Really what this game came down to was a trio of great defensive plays from the Marlins middle men: Omar Infante (yes, I know) made a nifty stop of a topspin-heavy grounder off Dan Uggla's bat, and Donnie Murphy snared a Prado liner just an inning after prolonging the game by throwing out Michael Bourn on a slow grounder to short. Had any of those balls gotten through -- you know, like the way Mike Stanton's grounder found its way under Jack Wilson's diving stab -- the Braves' magic number would be 10 and we wouldn't have to suffer through any talk of momentum.

As it is, the thing I'm most afraid of is that Fredi is going to see this loss as a reason to think that he has to shake up the lineup even more. I know the desire is there for him to want to affect change in what he perceives as an underachieving group, but fluctuations like this happen over the course of a baseball season; what's important is that he -- and we fans -- understand that it's merely unfortunate timing for the Braves to fall into a swoon like this. If this run of play had happened in June, there'd be no hand-wringing; I just ask that Fredi and the fans all step back and remember that the Braves are still the overwhelming favorites to win the Wild Card, and that an extra innings loss to a depleted Marlins squad, while discouraging, is not a death sentence.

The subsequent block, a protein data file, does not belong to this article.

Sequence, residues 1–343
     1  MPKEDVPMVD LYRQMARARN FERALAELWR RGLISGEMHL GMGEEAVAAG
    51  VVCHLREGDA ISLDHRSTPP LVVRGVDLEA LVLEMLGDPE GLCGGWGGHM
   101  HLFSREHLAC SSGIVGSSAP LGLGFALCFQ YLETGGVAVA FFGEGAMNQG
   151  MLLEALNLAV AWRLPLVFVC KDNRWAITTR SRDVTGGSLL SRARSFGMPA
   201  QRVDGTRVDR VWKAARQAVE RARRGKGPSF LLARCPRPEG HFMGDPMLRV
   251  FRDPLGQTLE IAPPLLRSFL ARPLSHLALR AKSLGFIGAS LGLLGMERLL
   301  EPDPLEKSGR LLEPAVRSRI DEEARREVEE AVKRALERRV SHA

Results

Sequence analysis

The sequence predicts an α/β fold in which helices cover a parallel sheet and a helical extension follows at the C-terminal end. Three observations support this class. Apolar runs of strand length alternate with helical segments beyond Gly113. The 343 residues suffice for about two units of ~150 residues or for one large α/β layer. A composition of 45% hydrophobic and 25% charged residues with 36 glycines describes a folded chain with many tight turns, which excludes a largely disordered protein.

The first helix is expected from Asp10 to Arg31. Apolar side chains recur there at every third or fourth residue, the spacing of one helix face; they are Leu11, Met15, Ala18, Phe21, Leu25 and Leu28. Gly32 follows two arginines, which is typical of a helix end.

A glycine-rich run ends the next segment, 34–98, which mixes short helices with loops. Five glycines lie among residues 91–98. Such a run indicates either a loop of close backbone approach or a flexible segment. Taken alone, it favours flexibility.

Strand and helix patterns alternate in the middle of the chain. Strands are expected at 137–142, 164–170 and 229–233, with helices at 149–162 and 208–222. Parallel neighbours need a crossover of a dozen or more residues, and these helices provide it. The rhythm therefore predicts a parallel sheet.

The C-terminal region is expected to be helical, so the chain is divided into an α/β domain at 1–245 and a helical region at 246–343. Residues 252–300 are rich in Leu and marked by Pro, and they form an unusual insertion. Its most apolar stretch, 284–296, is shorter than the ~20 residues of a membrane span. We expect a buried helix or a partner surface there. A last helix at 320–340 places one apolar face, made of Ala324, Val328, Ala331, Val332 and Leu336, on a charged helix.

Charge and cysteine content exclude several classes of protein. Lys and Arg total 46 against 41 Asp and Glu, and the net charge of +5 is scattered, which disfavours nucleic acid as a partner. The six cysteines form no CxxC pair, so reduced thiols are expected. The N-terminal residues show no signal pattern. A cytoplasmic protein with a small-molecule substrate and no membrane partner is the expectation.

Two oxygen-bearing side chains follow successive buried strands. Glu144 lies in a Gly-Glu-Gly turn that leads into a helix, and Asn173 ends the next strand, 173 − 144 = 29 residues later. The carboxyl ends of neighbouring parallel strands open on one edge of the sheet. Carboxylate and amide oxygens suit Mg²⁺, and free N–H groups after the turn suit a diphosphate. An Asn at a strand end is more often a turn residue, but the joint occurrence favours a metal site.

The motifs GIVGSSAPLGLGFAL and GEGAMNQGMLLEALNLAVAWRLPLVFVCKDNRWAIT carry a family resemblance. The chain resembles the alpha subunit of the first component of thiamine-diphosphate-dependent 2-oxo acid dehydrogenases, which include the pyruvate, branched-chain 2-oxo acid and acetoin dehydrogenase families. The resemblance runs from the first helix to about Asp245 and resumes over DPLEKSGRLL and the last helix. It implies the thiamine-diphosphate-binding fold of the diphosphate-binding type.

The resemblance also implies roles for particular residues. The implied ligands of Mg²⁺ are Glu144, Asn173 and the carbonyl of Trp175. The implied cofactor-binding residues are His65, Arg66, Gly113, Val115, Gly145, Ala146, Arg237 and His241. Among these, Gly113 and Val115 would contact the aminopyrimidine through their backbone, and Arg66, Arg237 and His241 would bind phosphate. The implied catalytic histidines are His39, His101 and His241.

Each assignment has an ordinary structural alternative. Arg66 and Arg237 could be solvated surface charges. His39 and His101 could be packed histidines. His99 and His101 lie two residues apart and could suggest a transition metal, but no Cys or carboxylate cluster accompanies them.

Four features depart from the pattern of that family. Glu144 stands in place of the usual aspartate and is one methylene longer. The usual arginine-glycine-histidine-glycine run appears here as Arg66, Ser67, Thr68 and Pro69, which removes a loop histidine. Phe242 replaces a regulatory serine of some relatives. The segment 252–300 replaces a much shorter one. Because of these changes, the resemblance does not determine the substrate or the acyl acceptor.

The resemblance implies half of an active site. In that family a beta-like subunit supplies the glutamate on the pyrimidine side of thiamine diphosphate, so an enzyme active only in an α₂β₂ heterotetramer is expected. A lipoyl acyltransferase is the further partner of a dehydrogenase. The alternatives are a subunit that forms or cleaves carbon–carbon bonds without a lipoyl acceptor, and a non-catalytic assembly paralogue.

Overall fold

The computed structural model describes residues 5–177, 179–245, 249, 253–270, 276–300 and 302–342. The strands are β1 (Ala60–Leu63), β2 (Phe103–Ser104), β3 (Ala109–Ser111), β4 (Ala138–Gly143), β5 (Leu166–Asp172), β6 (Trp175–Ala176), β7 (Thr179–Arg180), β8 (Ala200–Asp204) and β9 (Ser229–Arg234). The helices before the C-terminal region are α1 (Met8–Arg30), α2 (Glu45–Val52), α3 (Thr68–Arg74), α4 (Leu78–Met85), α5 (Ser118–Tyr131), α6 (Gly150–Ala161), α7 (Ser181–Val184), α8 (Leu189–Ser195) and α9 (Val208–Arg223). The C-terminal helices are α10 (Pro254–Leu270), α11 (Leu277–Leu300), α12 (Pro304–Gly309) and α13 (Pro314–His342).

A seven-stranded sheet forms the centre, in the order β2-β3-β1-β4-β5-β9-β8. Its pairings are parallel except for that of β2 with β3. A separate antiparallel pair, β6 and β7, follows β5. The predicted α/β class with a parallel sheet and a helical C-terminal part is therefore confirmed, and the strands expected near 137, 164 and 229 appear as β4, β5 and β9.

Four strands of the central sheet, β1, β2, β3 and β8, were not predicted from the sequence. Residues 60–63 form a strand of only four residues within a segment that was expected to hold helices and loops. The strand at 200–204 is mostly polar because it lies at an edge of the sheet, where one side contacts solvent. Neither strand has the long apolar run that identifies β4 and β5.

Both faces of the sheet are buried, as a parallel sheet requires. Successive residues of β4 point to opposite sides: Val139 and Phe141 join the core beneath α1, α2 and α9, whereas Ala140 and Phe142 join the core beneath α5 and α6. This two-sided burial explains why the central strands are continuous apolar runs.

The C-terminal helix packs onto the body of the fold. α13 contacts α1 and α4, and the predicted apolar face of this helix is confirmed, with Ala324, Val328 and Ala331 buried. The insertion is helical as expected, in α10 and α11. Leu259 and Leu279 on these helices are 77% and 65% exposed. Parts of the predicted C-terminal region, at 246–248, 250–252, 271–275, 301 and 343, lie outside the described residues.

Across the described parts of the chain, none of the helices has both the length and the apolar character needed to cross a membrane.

And so! Let us look ahead to tomorrow with bright eyes and light hearts, as Mike Minor and Brad Hand square off in an epic showdown of southpaws with last names that are almost too noun for their own good. 7:10 EDT, y'all.

When Do We Panic?

Written by Joe Lucia on .

The Braves lost 6-3 today. They lost 4-3 on both Friday and Saturday. That once formidable wild card lead is down to 4.5 games over the Cardinals. Getting swept this weekend was pretty much a worst case scenario, and it happened. So, the question remains. The team has lost six out of its last eight games, and eight out of eleven. When do we start getting worried that we won't be a playoff team?